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The Wisdom of Teams: Outperforming Individuals

The Wisdom of Teams

The Wisdom of TeamsThe Wisdom of Teams is a true classic among Twentieth Century business books. Based on detailed interviews with 47 teams across the US, it uncovers the wisdom of what teams can achieve, and how they can perform at their best.

The authors of The Wisdom of Teams acknowledge that what they discovered is both obvious, in that we recognise the truths straight away, and subtle, in that making sense of them in the real world can be hard. They rank their findings as both common sense and uncommon sense. And all this is as it should be. Teams are people. And people working together can be messy and hard to characterise.

So, while the book has been criticised for its obviousness, and also for being too long and sharing too many long stories, this is its nature. Real team stories show not just the obvious truths, but the subtle complexities too. Perhaps the biggest idea of the Wisdom of Teams is that there is no one Big Idea, but many smaller big ideas.

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Team Building

Team Building

Team BuildingTeams are a good thing. No one doubts that. So, how can we doubt the benefit of team building?

Team building has become a multi-million Pound/Dollar/Euro… industry. Search for it online, and you’ll find dozens of service providers offering everything from cake decoration to high risk expeditions. But:

  • what is it?
  • why should you use it? and
  • what should you know about doing it well?

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Bruce Tuckman: Group Development

Bruce Tuckman developed a model of group development which is among the most viewed management models on The Management Pocketblog. We cannot wait any longer: we must take a look at his life and work with a wider perspective.

Bruce Tuckman

 

Brief Biography

Bruce Tuckman was born and grew up in New York, gaining his bachelor’s degree in psychology from the Renesselaer Polytechnic Institute in 1960, and his MA and PhD from Princeton, in 1962 and 1963 respectively.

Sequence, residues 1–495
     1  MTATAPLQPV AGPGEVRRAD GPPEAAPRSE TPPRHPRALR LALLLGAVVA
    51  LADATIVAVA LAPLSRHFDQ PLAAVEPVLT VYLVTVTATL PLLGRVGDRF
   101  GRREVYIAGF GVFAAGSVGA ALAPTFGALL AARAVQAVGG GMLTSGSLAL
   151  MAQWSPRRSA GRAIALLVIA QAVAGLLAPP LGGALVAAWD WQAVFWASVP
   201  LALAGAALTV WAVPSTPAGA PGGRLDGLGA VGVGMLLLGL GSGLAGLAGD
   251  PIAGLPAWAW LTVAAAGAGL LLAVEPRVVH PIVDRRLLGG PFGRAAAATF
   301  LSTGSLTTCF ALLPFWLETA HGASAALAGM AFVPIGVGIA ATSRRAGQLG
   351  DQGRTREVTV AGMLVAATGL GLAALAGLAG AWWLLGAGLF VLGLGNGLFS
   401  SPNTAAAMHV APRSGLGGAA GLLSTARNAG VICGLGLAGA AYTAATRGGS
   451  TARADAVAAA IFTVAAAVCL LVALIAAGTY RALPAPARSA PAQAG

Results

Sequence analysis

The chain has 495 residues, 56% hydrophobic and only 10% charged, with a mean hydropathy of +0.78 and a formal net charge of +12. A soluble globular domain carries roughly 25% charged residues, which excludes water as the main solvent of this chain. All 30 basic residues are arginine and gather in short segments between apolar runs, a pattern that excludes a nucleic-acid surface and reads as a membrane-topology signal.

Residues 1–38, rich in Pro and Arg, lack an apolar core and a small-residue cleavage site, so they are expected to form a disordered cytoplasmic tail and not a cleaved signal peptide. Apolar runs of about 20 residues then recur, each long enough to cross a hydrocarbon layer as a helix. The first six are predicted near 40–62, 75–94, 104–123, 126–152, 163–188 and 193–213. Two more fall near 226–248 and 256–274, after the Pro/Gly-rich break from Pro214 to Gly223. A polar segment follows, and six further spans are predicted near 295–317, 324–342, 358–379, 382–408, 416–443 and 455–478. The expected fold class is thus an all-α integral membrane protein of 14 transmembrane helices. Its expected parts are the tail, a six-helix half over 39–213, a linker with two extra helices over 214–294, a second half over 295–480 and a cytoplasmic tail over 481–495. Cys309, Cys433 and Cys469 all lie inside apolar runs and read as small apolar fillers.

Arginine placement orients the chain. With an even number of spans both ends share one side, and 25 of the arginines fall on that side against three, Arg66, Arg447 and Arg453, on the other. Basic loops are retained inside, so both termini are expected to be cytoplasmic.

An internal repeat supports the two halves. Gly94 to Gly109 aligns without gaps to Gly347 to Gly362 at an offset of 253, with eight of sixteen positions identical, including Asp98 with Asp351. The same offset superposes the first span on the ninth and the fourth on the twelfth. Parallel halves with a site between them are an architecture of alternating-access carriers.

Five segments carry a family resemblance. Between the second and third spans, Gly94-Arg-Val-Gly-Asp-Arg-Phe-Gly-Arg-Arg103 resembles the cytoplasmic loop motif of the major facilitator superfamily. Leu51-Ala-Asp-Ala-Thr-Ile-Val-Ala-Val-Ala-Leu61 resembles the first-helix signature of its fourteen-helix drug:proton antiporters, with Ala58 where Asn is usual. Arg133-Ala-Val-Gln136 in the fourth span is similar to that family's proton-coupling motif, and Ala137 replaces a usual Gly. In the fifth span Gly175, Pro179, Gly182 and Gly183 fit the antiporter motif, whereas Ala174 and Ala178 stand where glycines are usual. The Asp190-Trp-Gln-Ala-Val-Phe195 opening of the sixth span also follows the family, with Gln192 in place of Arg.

From Princeton, he joined the Naval Medical Institute in Bethesda, Maryland, as a research psychologist. Here, he joined a group of researchers that was researching the the behaviours of small groups, thinking about getting the best team working on small crewed naval vessels. His supervisor gave him a stack of fifty research papers, telling him to see what he could make of them. His analysis resulted in the developmental sequence that was to make him famous:

  1. Forming – orientation, relationship building
  2. Storming – conflict
  3. Norming – developing cohesion and behavioural norms
  4. Performing – team inter-dependence and collaboration

Tuckman subsequently acknowledged that it was the choice of rhyming names for the stages that he used in his published paper (1965) ‘which probably account for the paper’s popularity’. The terms are certainly memorable and evocative.

From 1965, when he moved to his first academic post, at Rutgers, Tuckman started to focus on Educational Pyschology. In 1978, he moved to City University of New York and then to Florida State University in 1983. In 1998, he moved to Ohio State University, as Professor of Educational Psychology, where he remained until his retirement.

Developmental Sequence in Small Groups

The group development model for which Tuckman is best-known has been well covered in the Mangement Pocketblog already; so much so that we took the unusual step of creating a portal blog to guide readers to the various articles, at: Bruce Tuckman’s Group Development Model. You can also read Tuckman’s original paper, Developmental Sequence in Small Groups.

In 1977, Tuckman was invited to review his original work and, with Mary Ann Jensen (at the time a Doctoral student at Rutgers, with Tuckman, and now a psychologist in private practice in Princeton, New Jersey), produced a review paper (Stages of Small-Group Development Revisited) that validated the original work, and added a fifth stage, Adjourning, ‘for which a perfect rhyme could not be found’ said Tuckman. Many practitioners (this author included) prefer to use the term ‘mourning’ – not because it rhymes, but because it reminds us of the emotional impact of separation and therefore of the role of the team leader in ensuring the team acknowledges the loss.

Procrastination

Tuckman’s work on procrastination looks excellent. I was going to look it up but…

As an educational psychologist, most of Tuckman’s work is of limited interest to a management audience. But one topic stood out for me: the bane of many managers’ lives… procrastination. We all do it.

In 1991, while Professor of Educational Psychology at Florida State Univesity, Tuckman published a self evaluation tool to measure tendency to procrastinate. This was a core part of his research into students’ self-motivation in studying. This became a a key plank in much later research which he applied very directly at Ohio State University, where he founded the University’s Dennis Learning Center. They still teach workshops and courses based on Tuckman’s research. All the research related to the learning centre listed on its website is Tuckman’s.